The United States carried out a new round of airstrikes against Islamic State militants in northern Iraq on Sunday.
The Pentagon said fighter jets and drone aircraft destroyed an armed truck that was firing on Kurdish forces near Irbil, and then followed up with four more attacks on other armed trucks and a mortar position.
It was the fourth set of U.S. airstrikes since President Barack Obama last week authorized the country's first campaign in Iraq since he withdrew all U.S. forces at the end of 2011 after nearly a decade of American involvement.
U.S. forces are attempting to blunt an offensive by the extremist Islamic State group that threatens to overrun Irbil, the capital of Iraq's semi-autonomous Kurdish region. U.S. and British aircraft also are supplying humanitarian aid for thousands of displaced Christians, Yazidis and other religious minorities trapped in the area.
Late Sunday, the U.S. State Department said it has temporarily removed some staff from the U.S. consulate in Irbil.
A statement said some of the personnel were dispatched to the southern city of Basra, and others to the Jordanian capital, Amman. It said the move was made "out of an abundance of caution rather than any one specific threat."
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Concern over militants' brutality
Iraq's Human Rights Minister Mohammed Shia al Sudani told Reuters that Islamic State militants executed at least 500 Yazidis after seizing the town of Sinjar, and that some of the victims had been buried alive.
The U.S. military made three airdrops with more than 52,000 meals and thousands of liters of fresh drinking water for the displaced people on Mount Sinjar. British forces made their first humanitarian airdrop to the region on Sunday and France said it would supply "several tons" of aid.
Obama said Saturday the U.S. military's airstrikes in Iraq have successfully destroyed arms and equipment that Islamic State militants could have used against Irbil. He said the problem posed by the group will not be solved in weeks and is going to take some time.
U.N. Secretary-General Ban Ki-moon says he is "deeply concerned" about the evolving humanitarian and security situation in Iraq. The U.N. chief called for "reason and wisdom to prevail." He urged all Iraqi leaders "to form a broad-based government that is acceptable to all components of Iraqi society."
Pope Francis on Sunday urged the international community to find a solution to the problems in Iraq, where he said the situation leaves him in disbelief.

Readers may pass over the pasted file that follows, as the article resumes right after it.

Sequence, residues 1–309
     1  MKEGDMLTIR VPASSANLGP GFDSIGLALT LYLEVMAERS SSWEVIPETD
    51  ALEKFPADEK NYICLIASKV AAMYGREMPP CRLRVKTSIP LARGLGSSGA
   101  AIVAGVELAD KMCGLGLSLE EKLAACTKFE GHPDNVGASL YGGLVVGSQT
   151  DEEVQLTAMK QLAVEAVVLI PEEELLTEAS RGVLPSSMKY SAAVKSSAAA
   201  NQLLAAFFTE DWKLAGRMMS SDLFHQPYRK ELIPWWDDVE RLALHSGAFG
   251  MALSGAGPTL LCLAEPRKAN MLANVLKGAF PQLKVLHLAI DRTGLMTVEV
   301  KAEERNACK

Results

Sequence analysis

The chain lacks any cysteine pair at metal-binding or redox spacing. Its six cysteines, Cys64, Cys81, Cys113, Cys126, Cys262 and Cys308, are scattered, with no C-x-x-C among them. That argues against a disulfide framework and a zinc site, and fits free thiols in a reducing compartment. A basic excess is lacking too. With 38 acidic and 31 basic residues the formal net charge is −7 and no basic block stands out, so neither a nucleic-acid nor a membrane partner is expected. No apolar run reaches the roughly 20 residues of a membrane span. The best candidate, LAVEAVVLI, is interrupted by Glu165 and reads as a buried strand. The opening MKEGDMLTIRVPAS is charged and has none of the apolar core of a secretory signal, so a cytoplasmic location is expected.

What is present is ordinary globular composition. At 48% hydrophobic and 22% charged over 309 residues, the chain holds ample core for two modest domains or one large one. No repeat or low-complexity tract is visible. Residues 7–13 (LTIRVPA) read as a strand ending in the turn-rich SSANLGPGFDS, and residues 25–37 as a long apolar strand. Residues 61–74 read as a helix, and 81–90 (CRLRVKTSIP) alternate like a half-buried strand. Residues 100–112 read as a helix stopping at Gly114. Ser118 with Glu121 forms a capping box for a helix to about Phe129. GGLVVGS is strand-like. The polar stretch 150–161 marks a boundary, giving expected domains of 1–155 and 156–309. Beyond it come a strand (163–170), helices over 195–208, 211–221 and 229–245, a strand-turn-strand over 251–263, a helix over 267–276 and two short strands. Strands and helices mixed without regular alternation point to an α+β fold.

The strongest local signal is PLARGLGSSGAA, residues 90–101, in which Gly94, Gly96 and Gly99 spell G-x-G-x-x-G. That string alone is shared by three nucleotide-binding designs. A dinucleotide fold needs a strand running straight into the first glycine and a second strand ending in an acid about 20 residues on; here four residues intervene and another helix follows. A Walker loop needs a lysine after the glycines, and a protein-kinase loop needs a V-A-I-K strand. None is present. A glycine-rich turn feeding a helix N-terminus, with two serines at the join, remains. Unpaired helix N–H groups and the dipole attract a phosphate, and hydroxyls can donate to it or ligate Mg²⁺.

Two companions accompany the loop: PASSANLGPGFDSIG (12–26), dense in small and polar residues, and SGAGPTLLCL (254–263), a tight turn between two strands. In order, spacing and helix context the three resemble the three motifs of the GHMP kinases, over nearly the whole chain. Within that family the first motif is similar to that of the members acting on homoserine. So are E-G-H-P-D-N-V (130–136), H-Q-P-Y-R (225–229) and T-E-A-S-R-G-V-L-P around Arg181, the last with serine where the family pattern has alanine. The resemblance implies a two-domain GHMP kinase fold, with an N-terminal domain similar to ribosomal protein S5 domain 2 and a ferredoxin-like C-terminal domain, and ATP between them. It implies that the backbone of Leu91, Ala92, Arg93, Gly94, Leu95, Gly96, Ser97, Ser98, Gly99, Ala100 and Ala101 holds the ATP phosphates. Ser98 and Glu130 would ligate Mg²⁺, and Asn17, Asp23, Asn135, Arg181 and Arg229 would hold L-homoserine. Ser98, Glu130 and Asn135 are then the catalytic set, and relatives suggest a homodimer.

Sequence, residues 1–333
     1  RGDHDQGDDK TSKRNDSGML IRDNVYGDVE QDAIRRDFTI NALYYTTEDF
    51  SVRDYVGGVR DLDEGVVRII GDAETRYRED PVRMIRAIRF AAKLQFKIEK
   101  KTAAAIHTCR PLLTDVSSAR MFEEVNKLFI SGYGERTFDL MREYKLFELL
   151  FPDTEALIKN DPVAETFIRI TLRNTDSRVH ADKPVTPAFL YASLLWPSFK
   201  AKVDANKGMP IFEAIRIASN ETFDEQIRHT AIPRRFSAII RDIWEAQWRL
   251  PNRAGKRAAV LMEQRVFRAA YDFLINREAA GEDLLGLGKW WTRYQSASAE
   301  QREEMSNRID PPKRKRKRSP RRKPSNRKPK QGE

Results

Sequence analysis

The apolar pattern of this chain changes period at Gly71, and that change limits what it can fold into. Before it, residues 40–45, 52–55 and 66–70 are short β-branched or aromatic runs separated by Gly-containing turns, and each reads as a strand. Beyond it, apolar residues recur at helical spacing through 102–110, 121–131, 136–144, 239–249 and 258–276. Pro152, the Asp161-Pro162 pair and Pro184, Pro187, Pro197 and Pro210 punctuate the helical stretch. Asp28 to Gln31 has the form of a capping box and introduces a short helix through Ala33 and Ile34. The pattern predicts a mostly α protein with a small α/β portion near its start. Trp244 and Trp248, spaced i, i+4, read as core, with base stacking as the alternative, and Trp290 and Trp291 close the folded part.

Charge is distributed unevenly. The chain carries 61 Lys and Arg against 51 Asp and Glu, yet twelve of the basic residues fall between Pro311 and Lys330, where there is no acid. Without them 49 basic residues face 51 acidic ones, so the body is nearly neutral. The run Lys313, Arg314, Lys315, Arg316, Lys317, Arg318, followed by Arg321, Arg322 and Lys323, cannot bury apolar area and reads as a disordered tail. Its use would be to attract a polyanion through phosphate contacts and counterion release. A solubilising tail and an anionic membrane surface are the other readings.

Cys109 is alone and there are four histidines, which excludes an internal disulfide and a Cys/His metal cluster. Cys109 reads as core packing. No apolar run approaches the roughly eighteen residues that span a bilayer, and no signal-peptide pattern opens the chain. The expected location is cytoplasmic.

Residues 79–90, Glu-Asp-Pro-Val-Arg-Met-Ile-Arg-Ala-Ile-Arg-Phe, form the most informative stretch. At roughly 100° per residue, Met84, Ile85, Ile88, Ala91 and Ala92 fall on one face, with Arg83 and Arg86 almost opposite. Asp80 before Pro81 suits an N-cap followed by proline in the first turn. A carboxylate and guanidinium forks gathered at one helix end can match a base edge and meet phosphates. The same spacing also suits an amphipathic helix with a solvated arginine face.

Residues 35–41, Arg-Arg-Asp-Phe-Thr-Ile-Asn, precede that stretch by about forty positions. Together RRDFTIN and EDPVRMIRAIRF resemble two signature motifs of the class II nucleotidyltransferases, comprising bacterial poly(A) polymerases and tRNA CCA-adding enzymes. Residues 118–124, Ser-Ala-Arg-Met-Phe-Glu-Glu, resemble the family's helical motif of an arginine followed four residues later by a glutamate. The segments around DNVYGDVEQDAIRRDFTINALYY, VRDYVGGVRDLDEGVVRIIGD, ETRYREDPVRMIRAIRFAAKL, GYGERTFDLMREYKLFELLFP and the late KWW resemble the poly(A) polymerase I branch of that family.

French FM visit
On Sunday, French Foreign Minister Laurent Fabius arrived in Iraq for talks in Baghdad and Irbil. He urged Iraqi leaders to form a broad-based unity government.
At a press conference with Kurdish leader Massoud Barzani in the capital of Iraqi Kurdistan he said that Islamic State militants were extremists who cannot accept those with different beliefs
He said that people are suffering because the Islamic State group, which he called the “Caliphate of Hate,” wants to kill or enslave all those who do not believe as they do.
For his part, Barzani thanked the U.S. and France for their assistance and indicated the Kurds were not demanding that their allies “fight for them,“ but help by giving “needed weaponry” and “air support” to the Peshmerga fighters to defend themselves.
The International Organization for Migration says the number of internally displaced people in Iraq now totals more than 1 million.
Islamic State extremists, most of whom are Sunni Muslims, have captured significant amounts of military hardware that U.S. troops turned over to Iraq's Shi'ite-led government and to Kurdish Peshmerga fighters before the U.S. military withdrawal in 2011.
The Islamic State group, known for particularly brutal tactics, currently controls a large swath of eastern Syria and northwestern Iraq. It has declared the area a "caliphate," and is actively recruiting other fighters to join the group.
On the ground
Meanwhile, Kurdish fighters known as Peshmerga say they have regained control of a district near Irbil, the capital of Iraq’s Kurdistan region.
Talking to VOA's Kurdish Service Sunday, a Peshmerga fighter said his forces repelled an attack on Makhmur district from fighters of the Islamic State group.
Saber Ismael said that there were no more gunshots inside Makhmour city and that the Daesh, as Kurds refer to Islamic State militants, have fled.
He said local people now feel safe from an immediate threat by the radical group of Sunni fighters that have taken control of several areas of Iraq.
Speaking from Duhok, another town in the Kurdish region of Iraq, a VOA stringer said U.S. air strikes against Islamic State fighters are proving effective.
“People in the area are relieved and highly motivated because they now see that Peshmerga fighters are now being backed up by U.S. air strikes against the militants of Islamic State fighters,” said VOA Kurdish Service stringer Salam Balayi.
Edward Yerenian contributed to this report from Cairo, Kokab Farshori contributed from Washington. Some information provided by Reuters and AP.